Smart exercise

Yet another reason to hit the gym: it can make you smarter.

Exercise is not only good for your heart – and your waist line – but it can boost brain power, according to a new U.S. study.

Researchers found that exercise can help to replenish brain cells in a region of the brain that is linked with the age-related memory decline that begins for most people around age 30.

The study, published in the March 2007 early online edition of Proceedings of the National Academy of Sciences, tested mice to see the affects of exercise on the region of the brain called the dentate gyrus, which is linked to memory and memory loss.

After using MRIs to study the process in mice, researchers at Columbia University then used magnetic resonance imaging scans to compare the brains of people before and after exercise. They found the same patterns – which suggest that people also grow new brain cells when they exercise.

“No previous research has systematically examined the different regions of the hippocampus and identified which region is most affected by exercise,” said Scott Small, M.D., of Columbia University Medical Center and the study’s lead author. “I, like many physicians, already encourage my patients to get active and this adds yet another reason to the long list of reasons why exercise is good for overall health.”

In addition to MRI scans, researchers also measured the fitness of each participant by measuring oxygen volume before and after the training program.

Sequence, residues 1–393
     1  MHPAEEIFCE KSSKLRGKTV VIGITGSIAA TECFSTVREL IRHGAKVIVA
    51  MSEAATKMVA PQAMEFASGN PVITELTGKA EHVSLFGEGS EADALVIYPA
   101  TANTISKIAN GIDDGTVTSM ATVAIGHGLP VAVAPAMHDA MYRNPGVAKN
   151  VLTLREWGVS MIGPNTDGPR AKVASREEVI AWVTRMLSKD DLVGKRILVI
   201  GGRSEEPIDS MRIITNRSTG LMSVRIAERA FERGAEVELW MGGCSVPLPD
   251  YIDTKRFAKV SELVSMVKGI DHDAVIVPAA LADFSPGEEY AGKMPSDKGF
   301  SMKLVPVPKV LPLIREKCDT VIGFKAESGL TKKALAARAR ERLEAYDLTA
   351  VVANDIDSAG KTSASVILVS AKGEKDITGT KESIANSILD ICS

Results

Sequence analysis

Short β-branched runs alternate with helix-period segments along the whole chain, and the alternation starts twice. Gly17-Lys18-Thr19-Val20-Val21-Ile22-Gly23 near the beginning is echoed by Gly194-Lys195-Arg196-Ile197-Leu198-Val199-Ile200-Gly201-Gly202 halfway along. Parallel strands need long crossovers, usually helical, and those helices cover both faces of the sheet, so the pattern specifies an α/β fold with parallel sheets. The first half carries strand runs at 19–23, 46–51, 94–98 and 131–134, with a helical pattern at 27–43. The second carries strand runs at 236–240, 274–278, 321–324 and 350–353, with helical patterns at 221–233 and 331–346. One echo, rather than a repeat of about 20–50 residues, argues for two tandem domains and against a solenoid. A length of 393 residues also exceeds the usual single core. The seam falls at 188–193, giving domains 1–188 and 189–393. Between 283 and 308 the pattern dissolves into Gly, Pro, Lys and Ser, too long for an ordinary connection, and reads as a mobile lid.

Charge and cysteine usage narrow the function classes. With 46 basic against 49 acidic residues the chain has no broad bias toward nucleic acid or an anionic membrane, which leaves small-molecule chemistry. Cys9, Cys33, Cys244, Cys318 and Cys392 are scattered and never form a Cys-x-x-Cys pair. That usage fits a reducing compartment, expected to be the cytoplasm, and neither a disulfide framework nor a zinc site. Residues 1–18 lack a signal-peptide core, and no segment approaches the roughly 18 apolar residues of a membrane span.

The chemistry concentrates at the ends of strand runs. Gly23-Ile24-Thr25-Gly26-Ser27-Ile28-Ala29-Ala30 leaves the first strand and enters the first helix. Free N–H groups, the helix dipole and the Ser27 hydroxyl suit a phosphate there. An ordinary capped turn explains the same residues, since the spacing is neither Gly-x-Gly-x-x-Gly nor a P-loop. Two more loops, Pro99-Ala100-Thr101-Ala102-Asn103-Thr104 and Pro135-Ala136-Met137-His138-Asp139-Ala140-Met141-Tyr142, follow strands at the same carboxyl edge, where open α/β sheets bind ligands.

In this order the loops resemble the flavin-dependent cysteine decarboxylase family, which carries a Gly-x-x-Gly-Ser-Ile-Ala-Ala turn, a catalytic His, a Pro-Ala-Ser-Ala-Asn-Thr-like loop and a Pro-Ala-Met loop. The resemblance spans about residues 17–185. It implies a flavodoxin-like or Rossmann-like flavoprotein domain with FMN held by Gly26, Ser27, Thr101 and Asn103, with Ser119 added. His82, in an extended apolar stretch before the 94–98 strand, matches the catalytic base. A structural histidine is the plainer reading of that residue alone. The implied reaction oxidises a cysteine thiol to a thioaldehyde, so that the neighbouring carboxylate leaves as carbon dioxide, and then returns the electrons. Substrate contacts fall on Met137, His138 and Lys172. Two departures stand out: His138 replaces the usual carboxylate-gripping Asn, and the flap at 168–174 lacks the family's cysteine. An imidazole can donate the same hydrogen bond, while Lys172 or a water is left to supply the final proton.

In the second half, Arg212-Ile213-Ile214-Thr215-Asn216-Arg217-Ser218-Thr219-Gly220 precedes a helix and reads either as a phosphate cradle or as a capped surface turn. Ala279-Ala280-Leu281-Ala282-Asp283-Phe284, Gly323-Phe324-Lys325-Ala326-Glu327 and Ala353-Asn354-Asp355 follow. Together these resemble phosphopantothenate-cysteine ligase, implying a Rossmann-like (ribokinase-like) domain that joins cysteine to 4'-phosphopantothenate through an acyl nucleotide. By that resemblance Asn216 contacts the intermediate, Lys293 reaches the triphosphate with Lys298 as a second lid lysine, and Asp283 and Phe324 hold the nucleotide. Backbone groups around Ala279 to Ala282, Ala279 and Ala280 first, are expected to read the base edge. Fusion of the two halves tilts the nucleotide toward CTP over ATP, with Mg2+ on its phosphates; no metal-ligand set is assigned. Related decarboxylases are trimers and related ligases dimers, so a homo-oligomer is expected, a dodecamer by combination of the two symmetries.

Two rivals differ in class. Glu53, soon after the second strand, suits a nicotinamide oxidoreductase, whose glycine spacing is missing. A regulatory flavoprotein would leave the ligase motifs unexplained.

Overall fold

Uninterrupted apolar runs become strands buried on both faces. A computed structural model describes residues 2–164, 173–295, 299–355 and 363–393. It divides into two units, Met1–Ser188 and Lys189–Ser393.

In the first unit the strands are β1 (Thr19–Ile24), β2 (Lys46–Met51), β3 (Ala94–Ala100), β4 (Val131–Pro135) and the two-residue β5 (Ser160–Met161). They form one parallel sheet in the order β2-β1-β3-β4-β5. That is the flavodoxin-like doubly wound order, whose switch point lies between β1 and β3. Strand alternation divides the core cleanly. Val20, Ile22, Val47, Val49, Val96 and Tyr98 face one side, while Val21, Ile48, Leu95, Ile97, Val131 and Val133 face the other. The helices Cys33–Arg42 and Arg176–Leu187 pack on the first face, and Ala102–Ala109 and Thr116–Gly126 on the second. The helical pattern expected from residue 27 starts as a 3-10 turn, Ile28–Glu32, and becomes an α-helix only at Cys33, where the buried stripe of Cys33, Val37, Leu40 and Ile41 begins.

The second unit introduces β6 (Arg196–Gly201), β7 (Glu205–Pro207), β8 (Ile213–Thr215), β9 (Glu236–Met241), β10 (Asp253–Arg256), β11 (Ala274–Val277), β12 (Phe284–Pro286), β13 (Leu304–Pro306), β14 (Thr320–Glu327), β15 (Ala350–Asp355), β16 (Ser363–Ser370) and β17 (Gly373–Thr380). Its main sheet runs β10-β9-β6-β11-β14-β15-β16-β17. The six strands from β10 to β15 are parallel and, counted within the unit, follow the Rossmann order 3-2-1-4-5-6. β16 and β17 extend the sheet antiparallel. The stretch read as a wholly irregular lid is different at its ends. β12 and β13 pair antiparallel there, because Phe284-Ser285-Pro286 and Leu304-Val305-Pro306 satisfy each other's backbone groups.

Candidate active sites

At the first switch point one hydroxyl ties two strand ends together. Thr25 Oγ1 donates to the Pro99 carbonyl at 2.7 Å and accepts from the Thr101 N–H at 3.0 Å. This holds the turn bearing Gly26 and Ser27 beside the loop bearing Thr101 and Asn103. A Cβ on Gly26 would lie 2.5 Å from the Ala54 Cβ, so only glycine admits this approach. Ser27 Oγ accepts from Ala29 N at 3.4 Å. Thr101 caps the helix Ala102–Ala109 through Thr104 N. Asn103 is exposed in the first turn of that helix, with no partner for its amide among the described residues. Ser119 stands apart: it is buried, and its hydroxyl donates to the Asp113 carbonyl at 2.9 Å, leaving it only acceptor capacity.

Exercise generated blood flow to the dentate gyrus region, and the more fit a person got, the more blood flow the MRI detected, the researchers found. It took only three months of exercise for people with low levels of aerobic fitness to increase blood flow to that part of their brain and improve their scores on memory tests.

“Our next step is to identify the exercise regimen that is most beneficial to improve cognition and reduce normal memory loss, so that physicians may be able to prescribe specific types of exercise to improve memory,” Dr. Small said in a Columbia news release.

Exercise and Alzheimer’s disease
The Columbia University study adds to the mounting evidence on the positive effects of exercise on brain health. A study published last year in the Annals of Internal Medicine, found that older people who exercised at least three times a week had a 30 to 40 per cent lower risk to develop Alzheimer’s disease or other forms of dementia than people who exercised less.

While the study reached no conclusions about whether certain kinds of exercise worked better than others, researchers said that even light physical activity, such as walking, seemed to help.

“It seems like we are delaying onset,” said Dr. Wayne McCormick, a University of Washington geriatrician who was one of the study’s authors. “The surprising finding for us was that it actually didn’t take much to have this effect.”

More reasons to get moving
It’s been long known that exercise helps prevent high blood pressure, high cholesterol, diabetes and stroke, all of which can contribute to dementia.